Our relationship began as a student-teacher relationship. My degree plan didn’t quite call for all the classes that he taught, so I simply ignored my degree plan. In my mind I had a new major–I was now majoring in Alan Streett.

The reason for this degree plan suicide was simple, Alan was a Bible teacher. You came to class and he opened the Bible and exegeted the text. I, along with everyone else, learned how misinformed we were by proof-texting and folk-theology. Words had context, verses had context, paragraphs had context, chapters had context, books had context, everything had context–and if you didn’t know the context then you probably didn’t know what you were talking about.

It wasn’t so much that Alan taught me what the verses meant; he taught me how to think. He constantly encouraged me to study and research without fear of the outcome. To this day I hear him saying to me, “Mark, you have a curious mind. Don’t be afraid to pursue truth wherever it may lead you.”

It’s been a long time since I was a “formal” student of Dr. Streett, but to this day he remains the single greatest influence in my everyday thinking. Our relationship has now become more of a dear friendship between a father and a son. Typically we spend an afternoon together every month, drinking coffee and talking about life, research, dreams, and Jesus–always Jesus.

For the past ten years I’ve had a front row seat to Alan’s research on the kingdom of God and the nature of the Lord’s Supper in the first century under Roman domination. I’ve so wanted others to benefit from his research and keen insight into the New Testament. That is why I am so thankful that this year has seen the publication of two books by Alan Streett.

The first book is Heaven on Earth: Experiencing the Kingdom of God in the Here and Now. It is an easy to read book written for a popular audience, but at the same time contains cutting edge scholarship on empire studies, voluntary associations, and other current New Testament topics. It reads with the simplicity of a typical popular Christian life bestseller, but contains biblical insight on par with key texts only accessible to academics.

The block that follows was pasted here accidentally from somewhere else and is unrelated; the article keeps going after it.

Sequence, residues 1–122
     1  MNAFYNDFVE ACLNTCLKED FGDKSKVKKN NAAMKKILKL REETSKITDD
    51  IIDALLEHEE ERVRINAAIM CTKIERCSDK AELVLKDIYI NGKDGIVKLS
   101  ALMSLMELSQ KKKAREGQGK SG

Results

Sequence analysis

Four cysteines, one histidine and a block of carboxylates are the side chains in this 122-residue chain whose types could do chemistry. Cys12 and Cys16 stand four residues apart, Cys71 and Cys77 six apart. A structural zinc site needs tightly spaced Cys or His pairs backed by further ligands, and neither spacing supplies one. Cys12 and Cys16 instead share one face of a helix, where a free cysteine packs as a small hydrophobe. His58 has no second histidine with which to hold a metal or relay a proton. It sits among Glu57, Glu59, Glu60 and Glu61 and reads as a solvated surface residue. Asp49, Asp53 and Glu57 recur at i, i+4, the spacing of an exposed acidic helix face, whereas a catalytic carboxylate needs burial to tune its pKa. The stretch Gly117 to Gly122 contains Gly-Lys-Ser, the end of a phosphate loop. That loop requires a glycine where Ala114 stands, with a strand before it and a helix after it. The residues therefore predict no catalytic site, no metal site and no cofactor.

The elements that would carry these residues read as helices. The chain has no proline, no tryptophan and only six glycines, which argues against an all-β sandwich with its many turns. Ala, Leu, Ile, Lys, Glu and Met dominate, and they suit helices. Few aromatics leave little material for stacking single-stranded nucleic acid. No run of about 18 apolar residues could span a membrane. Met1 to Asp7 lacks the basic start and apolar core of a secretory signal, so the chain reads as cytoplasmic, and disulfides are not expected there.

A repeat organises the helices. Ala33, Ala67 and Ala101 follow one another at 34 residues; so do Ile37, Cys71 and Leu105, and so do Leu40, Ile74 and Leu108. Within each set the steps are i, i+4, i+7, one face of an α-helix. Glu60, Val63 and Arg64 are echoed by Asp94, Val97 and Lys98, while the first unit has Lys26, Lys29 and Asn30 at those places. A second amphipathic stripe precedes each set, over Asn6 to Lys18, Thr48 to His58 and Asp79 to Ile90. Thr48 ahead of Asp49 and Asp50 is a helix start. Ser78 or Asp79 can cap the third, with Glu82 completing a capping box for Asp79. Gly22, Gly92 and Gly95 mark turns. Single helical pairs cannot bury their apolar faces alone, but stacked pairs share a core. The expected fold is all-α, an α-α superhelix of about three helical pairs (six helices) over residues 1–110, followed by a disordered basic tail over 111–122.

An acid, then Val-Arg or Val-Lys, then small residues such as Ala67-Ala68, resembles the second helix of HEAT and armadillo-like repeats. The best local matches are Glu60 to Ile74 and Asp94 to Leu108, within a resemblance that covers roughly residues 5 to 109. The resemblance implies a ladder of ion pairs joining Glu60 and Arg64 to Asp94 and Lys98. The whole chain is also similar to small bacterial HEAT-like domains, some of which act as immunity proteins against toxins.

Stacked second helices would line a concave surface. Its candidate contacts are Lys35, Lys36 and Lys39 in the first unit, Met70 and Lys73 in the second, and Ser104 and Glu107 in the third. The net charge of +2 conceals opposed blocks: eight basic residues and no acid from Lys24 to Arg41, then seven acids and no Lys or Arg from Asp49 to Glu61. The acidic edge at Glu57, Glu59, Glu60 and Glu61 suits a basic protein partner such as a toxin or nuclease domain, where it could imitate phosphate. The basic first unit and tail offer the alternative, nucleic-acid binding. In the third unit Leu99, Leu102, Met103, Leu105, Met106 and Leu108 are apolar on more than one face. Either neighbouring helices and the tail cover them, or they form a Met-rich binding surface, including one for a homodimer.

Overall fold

In fact, one reviewer says, Heaven on Earth is “the best contemporary theological book I’ve read this millennium.”

The second book published by Streett this year is Subversive Meals: An Analysis of the Lord’s Supper under Roman Domination during the First Century. Unlike Heaven on Earth, this is a scholarly text written for an academic audience. However, one of Alan’s true gifts is his ability to explain difficult topics in a clear and easy to understand manner. Therefore, you should not let the scholarly nature of this book scare you away.

Subversive Meals is one of those rare books that actually change the conversation–you cannot read it and come away thinking about the Lord’s Supper the same as you did before reading it. In fact, every scholarly work written on the Lord’s Supper from this point forward will have to engage with this work in order to demonstrate academic integrity to the subject matter.

It would be easy to say, “Yeah, but you’ve already said he was like a father to you. What else would we expect you to say about this book?!” I know, it’s one thing when your mom is the only one who says you’re a great singer–you then wind up looking stupid on American Idol. But it’s another thing when you stand in front of the judges and they give you a standing ovation and you go on to win because all of America agrees.

Don’t just take my word for it. Subversive Meals has been applauded by Warren Carter, Dennis E. Smith, Richard H. Horsley, and Joel B. Green. These are the crème de la crème of New Testament studies, Roman Empire studies, and first century meal studies. Scholars of this magnitude have read plenty enough to know when something is a significant contribution–they all agree, Subversive Meals is.

For years I’ve wanted everyone to know my friend Alan Streett. Now they can, and soon they all will.

Thursday, August 15, 2013

Kingdom-focused worship and evangelism

Like embassies, our churches should be places where desperate citizens of this world can seek refuge and asylum.

In explaining the advantage of speaking God’s word in the language of the people and not in tongues, Paul writes that if “an unbeliever or an uninformed person comes in, he is convinced by all, he is convicted by all. And thus the secrets of his heart are revealed; and so, falling down on his face, he will worship God and report that God is truly among you” (1 Corinthians 14:24-25). 

Here Paul speaks of the power of the spoken word to produce conversion. Notice, the progression: First, “an unbeliever” or one “uninformed” about kingdom things “comes in,” i.e. attends the symposium-style worship. 

Second, a Spirit-empowered utterance is given, which pricks his heart (“he is convinced and convicted by all he hears”). 

Third, his heart is laid open like a book (‘the secrets of his heart are revealed”).
Finally, he prostrates himself (“falling down on his face”) and worships God, declaring, “God is truly among you.”

What could be more dramatic and exciting than this? Is this how unbelievers who visit our churches on any given Sunday respond? Why not? Paul seems to expect things like this to happen in his kingdom-focused churches. When was the last time you saw a sinner on his face, crying out for forgiveness, raising holy hands to the Lord, having experienced a manifestation of God?

{For more on Kingdom-focused worship and evangelism read “Heaven on Earth.” Available in pb/Kindle].